A crucial fact about insurgencies, as former Secretary of State Henry Kissinger noted, is that the guerrillas win if they don’t lose and the regular army loses if it doesn’t win. That truth should not be lost in the aftermath of the House of Representatives’ passage last week of a budget compromise.
The bill would avoid many of the mindless spending cuts required by the crude mechanism of sequestration and, for two years, should ensure against another government shutdown. It also reduces the deficit. It likely will pass the Senate this week.
By finally staring down far-right insurgents within their party, Republican House leaders did not end the rebellion. But even incremental progress is progress, and when the ceiling doesn’t immediately collapse on the leaders of this modest effort, they should be more willing to join further bipartisan efforts to solve real problems rather than merely massage electoral ones.
Not that electoral considerations were absent from the leaders’ calculations. No party’s leadership could be so recklessly selfless in today’s superheated atmosphere. But their triangulations led them to a right place for the country: a respite from contrived fiscal crises that chilled the heart of political life.
We should all hope for more such bipartisan steps – and more incremental wins for the “regular army” – between now and the 2014 congressional elections when responsibility for the nation’s future again falls squarely, if briefly, on the shoulders of ordinary citizens who vote.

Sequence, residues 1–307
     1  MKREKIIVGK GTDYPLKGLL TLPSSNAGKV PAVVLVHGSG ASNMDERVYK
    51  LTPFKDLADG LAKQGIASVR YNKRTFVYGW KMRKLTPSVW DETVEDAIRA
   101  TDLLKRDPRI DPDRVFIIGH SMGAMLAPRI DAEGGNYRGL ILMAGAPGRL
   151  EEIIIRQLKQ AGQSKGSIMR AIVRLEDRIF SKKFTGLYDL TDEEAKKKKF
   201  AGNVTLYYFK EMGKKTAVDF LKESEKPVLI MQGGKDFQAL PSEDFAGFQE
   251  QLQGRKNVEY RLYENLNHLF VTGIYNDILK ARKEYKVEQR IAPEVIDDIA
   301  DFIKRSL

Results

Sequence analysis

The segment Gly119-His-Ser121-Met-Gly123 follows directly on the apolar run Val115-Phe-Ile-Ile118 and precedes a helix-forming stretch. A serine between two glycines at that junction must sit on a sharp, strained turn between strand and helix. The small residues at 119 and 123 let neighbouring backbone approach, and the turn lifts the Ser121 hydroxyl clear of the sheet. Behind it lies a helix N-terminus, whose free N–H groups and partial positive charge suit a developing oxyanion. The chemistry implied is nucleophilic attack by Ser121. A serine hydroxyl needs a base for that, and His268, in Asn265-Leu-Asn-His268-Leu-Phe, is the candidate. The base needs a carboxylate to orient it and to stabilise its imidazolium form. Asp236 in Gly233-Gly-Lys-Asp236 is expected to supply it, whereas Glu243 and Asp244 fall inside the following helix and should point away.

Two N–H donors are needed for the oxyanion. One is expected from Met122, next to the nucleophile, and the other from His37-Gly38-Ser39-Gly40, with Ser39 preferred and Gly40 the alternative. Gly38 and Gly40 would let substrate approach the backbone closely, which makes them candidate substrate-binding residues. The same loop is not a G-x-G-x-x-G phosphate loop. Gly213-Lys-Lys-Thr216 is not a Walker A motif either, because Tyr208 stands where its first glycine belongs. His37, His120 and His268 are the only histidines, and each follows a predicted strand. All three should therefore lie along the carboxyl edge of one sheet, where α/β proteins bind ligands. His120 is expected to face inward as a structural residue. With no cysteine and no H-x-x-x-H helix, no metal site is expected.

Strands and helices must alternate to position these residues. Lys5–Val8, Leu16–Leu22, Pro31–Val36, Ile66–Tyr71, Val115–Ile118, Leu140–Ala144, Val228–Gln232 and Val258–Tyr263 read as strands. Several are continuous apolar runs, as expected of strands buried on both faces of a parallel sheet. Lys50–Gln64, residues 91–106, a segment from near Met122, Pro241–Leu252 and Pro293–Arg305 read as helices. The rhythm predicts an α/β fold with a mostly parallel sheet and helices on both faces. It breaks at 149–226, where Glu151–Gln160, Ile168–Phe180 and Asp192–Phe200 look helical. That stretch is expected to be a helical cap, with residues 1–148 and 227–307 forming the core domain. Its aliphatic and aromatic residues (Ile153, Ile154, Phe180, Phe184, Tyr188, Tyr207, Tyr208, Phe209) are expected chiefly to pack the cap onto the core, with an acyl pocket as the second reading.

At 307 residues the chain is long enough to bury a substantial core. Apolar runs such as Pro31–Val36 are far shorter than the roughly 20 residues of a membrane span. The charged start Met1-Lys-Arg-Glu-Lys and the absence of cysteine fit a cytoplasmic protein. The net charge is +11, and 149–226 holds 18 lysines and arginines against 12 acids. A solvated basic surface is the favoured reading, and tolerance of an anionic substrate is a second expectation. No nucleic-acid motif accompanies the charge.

That election will gauge whether the insurgents and the money-laden ideology enforcers behind them – Heritage Action, Club for Growth, Americans for Prosperity and others – will be able to continue locking the country into an unhealthy philosophy and political style.
Avoiding that will require some rethinking by those Americans who describe themselves as “tea party” proponents. In a nationwide Bloomberg poll, 67 percent of those respondents said they want congressional candidates who will remain true to principles whatever the cost to themselves and others. Only one-third of self-described tea party respondents would prefer candidates who are committed to getting things done even if it means legislative compromise.
Insurgents who reject any compromise or reasonable accommodation on every issue can wield influence so long as they do not wholly lose, as Kissinger implied. They need not wholly win, only survive to fight another day.
Until this point in our nation’s history, radical political insurgencies have eventually lost, rejected at the ballot box or rendered irrelevant by changing circumstances: Think McCarthy-style anti-communism in the 1950s and left-wing extremism in the 1970s, for two.
But today’s radical political movement is not composed of a rogue, demented politician and his followers or a group of well-intentioned if misguided rebels. It’s driven and financed by very smart (not wise, merely smart) and very wealthy people who are determined to impose their narrow economic vision and who are cynical about democracy. They have invested millions trying to convince Americans to act against their own self-interest and the nation’s best interest and to feel patriotic about it.
Both interests can be met only by politics driven not by a narrow ideology but by a working appreciation of how our democracy originated and evolved. If the regular army of moderate Americans doesn’t win, we all lose.